Jonah Miller’s “Shrill, Empathic Joys”

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You do know I’m a science geek, right?

The only problem being, I know very little about actual science!

It’s a field – or rather, a collection of fields – for which I have no formal training, no math foundation, no research experience.

What I do instead is read obsessively – books, magazines, blogs, and the like. Since I can’t focus on every facet of science, I gravitate toward physics.

Jonah Miller

Jonah Miller is the single best source I’ve so far found for physics news and education.

If you’re as keen as I am to keep up with what’s happening in relativity, quantum mechanics, astrophysics, cosmology, and all things related – follow Jonah!

A great place to start is his blog, From there, you can sign up for his email newsletter or follow him on social media – Facebook, Twitter, or Google Plus. (I heartily recommend the latter.)

Want the inside scoop on gravity wells and waves? Black holes? Neutron stars? Our supposed ninth planet? Jonah’s there, and you’re along for the ride.

Jonah Miller is a graduate student at the Perimeter Institute for Theoretical Physics in Ontario. He studies relativistic astrophysics and, as a member of Perimeter’s data processing team, helps other researchers make the most of advanced computing resources.

Considering the many irons he has in the fire, I don’t quite see how Jonah makes time to write for a general audience. But he somehow does, typically with one in-depth article per week. (More, if you count his in-between posts on Google Plus and other social platforms.)

Did I mention he’s really good at explaining this stuff – and making it fun?

Fair warning: The esoteric research Jonah writes about is some of the most cutting-edge, mind-bending stuff out there. In and of itself, it isn’t easy material.

Jonah makes it just about as easy as it can be made. Equally important, he does this without dumbing anything down. He puts things within reach, but you may still have to stretch to reach them. (God knows I do!)

He captures the joy of science, passing it along with passion and a sense of urgency. He writes with real empathy – something the best scientists have had in abundance (but many have not).

Jonah doesn’t just write stuff in a vacuum: He’s also the most accessible scientist and science journalist I’ve yet met. Got a question? Ask him – on his blog, on Google Plus, by email – and like as not he’ll do his best to answer it. Or he’ll find someone else who can.

These thoughts inspired me to compose a poem, entitled “Physicst Jonah Miller”. Consider it my way of saying “thanks” for the many things he’s helped me understand:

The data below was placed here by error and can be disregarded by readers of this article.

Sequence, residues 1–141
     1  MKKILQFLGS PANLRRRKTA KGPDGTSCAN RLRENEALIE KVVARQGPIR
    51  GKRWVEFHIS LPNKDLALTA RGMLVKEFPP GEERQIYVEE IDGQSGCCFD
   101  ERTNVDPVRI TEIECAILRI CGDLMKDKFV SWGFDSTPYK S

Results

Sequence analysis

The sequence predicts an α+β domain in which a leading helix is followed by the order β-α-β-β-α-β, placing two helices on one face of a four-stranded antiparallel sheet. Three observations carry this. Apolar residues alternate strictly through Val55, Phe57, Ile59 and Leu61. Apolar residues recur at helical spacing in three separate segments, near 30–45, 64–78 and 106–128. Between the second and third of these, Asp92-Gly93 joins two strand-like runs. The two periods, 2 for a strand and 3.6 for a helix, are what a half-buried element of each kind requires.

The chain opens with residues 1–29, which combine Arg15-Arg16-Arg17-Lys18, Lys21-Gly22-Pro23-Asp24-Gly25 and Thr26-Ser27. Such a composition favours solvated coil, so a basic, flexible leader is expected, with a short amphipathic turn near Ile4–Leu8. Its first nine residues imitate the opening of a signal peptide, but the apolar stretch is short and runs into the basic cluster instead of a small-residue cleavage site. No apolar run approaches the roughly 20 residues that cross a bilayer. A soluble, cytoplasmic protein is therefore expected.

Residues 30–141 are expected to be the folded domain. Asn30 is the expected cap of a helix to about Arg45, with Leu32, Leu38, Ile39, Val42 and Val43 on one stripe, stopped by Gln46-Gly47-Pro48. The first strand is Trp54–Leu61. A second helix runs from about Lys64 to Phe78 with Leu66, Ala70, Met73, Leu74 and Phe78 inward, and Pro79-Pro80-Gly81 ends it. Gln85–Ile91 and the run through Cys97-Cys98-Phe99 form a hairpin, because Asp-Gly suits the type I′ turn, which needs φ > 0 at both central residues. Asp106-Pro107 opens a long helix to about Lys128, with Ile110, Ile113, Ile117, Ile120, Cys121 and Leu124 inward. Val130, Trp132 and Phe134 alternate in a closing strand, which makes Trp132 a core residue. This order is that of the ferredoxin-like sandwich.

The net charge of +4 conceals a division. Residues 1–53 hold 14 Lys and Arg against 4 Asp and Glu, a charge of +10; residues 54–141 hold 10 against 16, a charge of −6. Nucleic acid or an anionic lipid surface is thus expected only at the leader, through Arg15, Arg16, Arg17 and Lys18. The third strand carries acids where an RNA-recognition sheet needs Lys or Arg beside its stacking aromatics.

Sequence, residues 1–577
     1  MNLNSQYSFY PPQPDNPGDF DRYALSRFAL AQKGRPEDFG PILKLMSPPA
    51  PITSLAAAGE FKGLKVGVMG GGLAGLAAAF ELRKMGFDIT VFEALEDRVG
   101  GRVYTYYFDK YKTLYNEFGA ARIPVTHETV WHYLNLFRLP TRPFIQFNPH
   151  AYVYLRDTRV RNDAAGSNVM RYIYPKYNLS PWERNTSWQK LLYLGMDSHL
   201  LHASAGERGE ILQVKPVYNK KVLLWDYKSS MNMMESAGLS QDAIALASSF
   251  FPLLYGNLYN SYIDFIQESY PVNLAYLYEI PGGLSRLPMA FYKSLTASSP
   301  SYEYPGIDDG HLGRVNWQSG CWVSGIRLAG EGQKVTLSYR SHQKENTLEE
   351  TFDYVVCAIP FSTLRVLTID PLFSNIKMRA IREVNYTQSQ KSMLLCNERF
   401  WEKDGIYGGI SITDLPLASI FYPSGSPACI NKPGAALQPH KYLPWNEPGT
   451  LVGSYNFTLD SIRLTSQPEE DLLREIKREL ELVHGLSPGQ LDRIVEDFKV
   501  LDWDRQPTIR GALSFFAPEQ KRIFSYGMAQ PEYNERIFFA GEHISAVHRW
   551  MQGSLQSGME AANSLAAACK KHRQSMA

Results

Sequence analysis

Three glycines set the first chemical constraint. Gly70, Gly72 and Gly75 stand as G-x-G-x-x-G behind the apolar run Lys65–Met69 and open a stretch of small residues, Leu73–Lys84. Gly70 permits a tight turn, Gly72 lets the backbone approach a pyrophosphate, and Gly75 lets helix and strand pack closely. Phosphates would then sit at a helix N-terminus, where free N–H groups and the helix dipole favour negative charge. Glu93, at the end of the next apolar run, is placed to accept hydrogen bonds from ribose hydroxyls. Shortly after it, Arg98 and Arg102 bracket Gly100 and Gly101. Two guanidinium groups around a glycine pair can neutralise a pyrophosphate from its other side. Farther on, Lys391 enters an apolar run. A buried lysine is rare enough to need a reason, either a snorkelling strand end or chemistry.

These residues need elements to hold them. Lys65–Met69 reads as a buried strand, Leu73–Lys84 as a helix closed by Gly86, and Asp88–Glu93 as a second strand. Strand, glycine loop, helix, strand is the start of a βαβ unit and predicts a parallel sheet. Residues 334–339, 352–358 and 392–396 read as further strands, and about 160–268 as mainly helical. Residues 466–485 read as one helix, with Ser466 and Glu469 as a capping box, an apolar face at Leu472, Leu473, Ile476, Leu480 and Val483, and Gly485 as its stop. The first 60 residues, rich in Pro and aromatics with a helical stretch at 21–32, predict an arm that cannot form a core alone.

In shrill, empathic joys –
Jiminy! The scholar’s lip.
Cheapish trim, jolly sin,
Silly jam and ethnic ship.

What does this poem mean? I have no idea! Its main and possibly only point is that if you look closely, each line consists of letters that rearrange to spell “physicist Jonah Miller”.

Yes, I’m big into anagrams. For some reason, however, I never had tried my hand at anagrammatic poetry, an old wordplay standby. This is my first foray.

And perhaps Shrill, Empathic Joys might even make a great title, many decades from now, whenever Jonah gets around to writing his autobiography.


Jonah Miller’s “Shrill, Empathic Joys” — 3 Comments

  1. Dear Gary …💥💥💥
    Just so clever & funny anagram poem for Jonah …he is such a smart man 🌠
    Thanks so for all your so magic sharing …
    It’s an honor for me too to be in your blog 🌟
    And I love anagrams, so magic & so funny …
    Lovely evening & night to you & Chéri …
    Maroussia …♥

    • Maroussia, we certainly agree about Jonah Miller! He’s as smart as they come, with an incredible talent for making science easy for folks like me who are not scientists.

      On a related point: Lots of people have said lots of things about my anagrams. But you’re one of the few who repeatedly have called them “magic”. I love that! Because to me, they always have felt like a kind of magic. That’s what pulls me to create them.

      There was a time, maybe 35 or 40 years ago, when I loved learning and performing magic tricks. The kind of tricks magicians do with handkerchiefs and playing cards (mostly cards, although I had a couple of good safety-pin tricks no one could figure out). I was never really good at that, but it was fun. Probably I bored a lot of friends saying “pick a card”!

      That was then. This is now. But I find that making anagrams is a modern form of magic trick. Most people have no idea how it’s done, so it amazes them. There’s some natural talent involved — but mostly it just takes tools and techniques that anyone can learn. Some of these I’ve written about online. Like any good magician, I’ve also kept some of my best secrets to myself. After all, if everyone knows how a magician does his tricks, those tricks won’t amaze anyone anymore, will they?

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